Link About It: This Week’s Picks

NASA's long-lost spacecraft reappears, ice that's solid and liquid, diamond phone screens and more

1. Silent for 13 Years, a NASA Spacecraft Makes Communication The IMAGE spacecraft, an acronym of Imager for Magnetopause-to-Aurora Global Exploration, launched back in March 2000 to observe activity in the Earth’s magnetosphere. It ceased communication with NASA in December 2005. Entirely unexpected and sudden, after years of successful data-gathering, the disappearance was considered quite mysterious. IMAGE was believed to be damaged beyond repair and …

“The Darkest Building on Earth,” Asif Khan’s Winter Olympics Pavilion

Anyone obsessed with Vantablack VBx2, a color which absorbs 99.9% of light, should make their way to PyeongChang for a glimpse at architect Asif Khan’s new pavilion. The astonishingly dark facade has been populated with thousands of tiny white light rods, lending it a cosmos-like experience. As part of Hyundai’s global mobility initiative, the interior of the space exists in stark contrast: a brightly lit, …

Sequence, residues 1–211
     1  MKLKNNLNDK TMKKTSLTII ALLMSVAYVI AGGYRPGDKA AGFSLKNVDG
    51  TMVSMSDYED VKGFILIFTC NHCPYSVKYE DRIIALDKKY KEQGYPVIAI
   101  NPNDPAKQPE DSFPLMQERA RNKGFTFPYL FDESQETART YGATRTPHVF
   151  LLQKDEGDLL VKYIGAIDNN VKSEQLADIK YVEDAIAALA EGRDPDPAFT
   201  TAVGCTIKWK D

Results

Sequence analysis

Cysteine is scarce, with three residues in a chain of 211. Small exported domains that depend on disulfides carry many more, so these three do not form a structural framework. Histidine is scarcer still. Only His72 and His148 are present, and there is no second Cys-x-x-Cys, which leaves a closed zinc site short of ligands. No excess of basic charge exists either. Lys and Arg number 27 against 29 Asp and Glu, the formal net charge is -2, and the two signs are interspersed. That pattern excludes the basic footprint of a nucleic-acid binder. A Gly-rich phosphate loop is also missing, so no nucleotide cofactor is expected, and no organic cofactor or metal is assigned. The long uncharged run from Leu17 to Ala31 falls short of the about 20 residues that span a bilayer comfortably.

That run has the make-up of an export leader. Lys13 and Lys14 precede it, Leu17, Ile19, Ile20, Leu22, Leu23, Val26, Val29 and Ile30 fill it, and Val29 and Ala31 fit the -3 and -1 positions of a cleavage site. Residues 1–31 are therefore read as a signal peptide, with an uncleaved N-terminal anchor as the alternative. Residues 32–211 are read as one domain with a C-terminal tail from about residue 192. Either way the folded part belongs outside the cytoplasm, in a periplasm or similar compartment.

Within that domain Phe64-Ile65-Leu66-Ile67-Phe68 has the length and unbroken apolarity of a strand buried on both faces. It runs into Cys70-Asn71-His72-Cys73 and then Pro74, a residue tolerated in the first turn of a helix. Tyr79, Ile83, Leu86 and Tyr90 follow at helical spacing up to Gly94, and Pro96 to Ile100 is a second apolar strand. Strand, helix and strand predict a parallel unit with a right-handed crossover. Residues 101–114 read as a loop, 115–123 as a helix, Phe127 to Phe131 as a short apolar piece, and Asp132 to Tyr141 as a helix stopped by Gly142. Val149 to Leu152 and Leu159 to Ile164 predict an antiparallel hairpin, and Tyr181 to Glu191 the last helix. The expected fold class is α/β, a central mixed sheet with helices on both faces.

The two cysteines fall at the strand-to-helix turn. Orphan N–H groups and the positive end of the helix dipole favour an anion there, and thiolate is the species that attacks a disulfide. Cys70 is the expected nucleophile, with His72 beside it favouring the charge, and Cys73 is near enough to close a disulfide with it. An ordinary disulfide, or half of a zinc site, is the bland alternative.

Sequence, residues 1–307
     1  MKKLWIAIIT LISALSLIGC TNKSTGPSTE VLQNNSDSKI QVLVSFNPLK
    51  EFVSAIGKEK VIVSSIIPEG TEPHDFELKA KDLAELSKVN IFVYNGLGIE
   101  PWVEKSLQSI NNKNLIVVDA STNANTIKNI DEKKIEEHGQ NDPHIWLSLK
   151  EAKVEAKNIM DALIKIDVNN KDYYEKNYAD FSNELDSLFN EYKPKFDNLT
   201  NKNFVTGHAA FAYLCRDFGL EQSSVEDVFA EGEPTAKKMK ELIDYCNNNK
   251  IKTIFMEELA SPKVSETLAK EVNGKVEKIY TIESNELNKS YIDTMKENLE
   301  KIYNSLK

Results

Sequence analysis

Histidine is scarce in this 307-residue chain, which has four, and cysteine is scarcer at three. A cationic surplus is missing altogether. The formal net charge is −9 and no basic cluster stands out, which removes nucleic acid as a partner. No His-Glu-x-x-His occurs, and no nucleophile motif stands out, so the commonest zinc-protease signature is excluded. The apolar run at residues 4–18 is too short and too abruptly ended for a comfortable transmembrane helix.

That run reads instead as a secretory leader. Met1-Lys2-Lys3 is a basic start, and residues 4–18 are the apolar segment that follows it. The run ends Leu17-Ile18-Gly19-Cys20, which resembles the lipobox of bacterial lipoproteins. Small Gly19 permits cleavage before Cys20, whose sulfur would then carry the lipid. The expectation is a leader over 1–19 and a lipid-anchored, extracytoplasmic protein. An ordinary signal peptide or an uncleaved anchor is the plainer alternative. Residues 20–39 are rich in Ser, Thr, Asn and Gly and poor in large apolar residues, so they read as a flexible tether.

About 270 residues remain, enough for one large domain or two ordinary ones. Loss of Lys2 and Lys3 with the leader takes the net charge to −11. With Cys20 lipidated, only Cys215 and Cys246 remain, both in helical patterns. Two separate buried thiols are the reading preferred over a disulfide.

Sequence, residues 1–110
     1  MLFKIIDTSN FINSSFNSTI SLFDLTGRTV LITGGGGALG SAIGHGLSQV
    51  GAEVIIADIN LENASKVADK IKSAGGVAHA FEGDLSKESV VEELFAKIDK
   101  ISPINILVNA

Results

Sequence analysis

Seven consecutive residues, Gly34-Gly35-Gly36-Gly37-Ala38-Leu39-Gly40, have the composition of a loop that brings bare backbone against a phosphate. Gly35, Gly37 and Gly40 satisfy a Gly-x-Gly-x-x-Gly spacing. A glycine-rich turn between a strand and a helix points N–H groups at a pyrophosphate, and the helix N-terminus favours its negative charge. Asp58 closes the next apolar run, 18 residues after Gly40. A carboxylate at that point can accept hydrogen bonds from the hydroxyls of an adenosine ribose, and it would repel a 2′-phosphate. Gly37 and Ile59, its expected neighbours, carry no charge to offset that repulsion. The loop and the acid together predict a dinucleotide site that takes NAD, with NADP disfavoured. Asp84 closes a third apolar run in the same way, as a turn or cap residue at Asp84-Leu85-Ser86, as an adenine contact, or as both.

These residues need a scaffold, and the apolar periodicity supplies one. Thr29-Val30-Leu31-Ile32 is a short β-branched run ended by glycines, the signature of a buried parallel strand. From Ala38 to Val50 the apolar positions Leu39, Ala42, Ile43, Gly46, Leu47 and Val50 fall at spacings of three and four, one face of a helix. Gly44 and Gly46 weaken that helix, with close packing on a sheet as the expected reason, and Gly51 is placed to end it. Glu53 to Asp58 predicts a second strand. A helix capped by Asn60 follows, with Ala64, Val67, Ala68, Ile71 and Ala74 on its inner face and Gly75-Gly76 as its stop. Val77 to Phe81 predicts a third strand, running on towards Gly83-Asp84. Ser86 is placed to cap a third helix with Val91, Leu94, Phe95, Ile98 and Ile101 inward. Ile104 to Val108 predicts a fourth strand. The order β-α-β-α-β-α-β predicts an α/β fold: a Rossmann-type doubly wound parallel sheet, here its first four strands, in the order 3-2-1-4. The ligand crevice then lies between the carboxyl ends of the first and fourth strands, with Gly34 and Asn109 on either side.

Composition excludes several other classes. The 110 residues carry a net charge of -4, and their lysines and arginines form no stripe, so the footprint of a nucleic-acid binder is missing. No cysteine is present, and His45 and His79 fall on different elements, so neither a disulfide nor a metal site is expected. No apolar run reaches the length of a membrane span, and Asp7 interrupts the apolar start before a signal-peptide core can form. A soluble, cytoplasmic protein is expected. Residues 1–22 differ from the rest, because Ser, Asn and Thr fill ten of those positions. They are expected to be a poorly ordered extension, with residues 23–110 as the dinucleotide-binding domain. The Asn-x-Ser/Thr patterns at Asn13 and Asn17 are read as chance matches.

Previewing the 2018 Winter Olympics’ Holland Heineken House

Why the Dutch organize a national house open to the public for every Games

There are fewer than 100 days to go until the opening ceremonies at PyeongChang Olympic Stadium in South Korea—the second time the country has hosted the Olympics, with the last being back in Seoul in 1988. There will be 102 medals up for grabs in winter sports, from luge to the fastest non-mechanical sport in the world, speed skating. And if you’re a Dutch fan …

Link About It: This Week’s Picks

Virgin sharks, President Obama's playlist, Stranger Thing's font and more in our look at the web

1. 1,007 Dancing Robots Set Guinness World Record Sometimes one isn’t aware of Guinness World Record categories until they’ve been broken. This just might be the case surrounding the 1,007 dancing robots that took the title of “most robots dancing simultaneously” at the recently held Qingdao Beer Festival in Shandong, China. The previous record stood at 540 dancing robots and had been set in China …

How Ryan Lochte is Changing the Sport of Swimming

In a very easy-to-understand article, the New York Times explains a seemingly simple (but fascinating) way that 11-time Olympic medalist Ryan Lochte is potentially changing competitive swimming forever. With one clever move in the pool, Lochte apparently shaves a second from his times—and it’s all about the different way he approaches tumble-turns in freestyle races. Find out his tricks at the NY Times.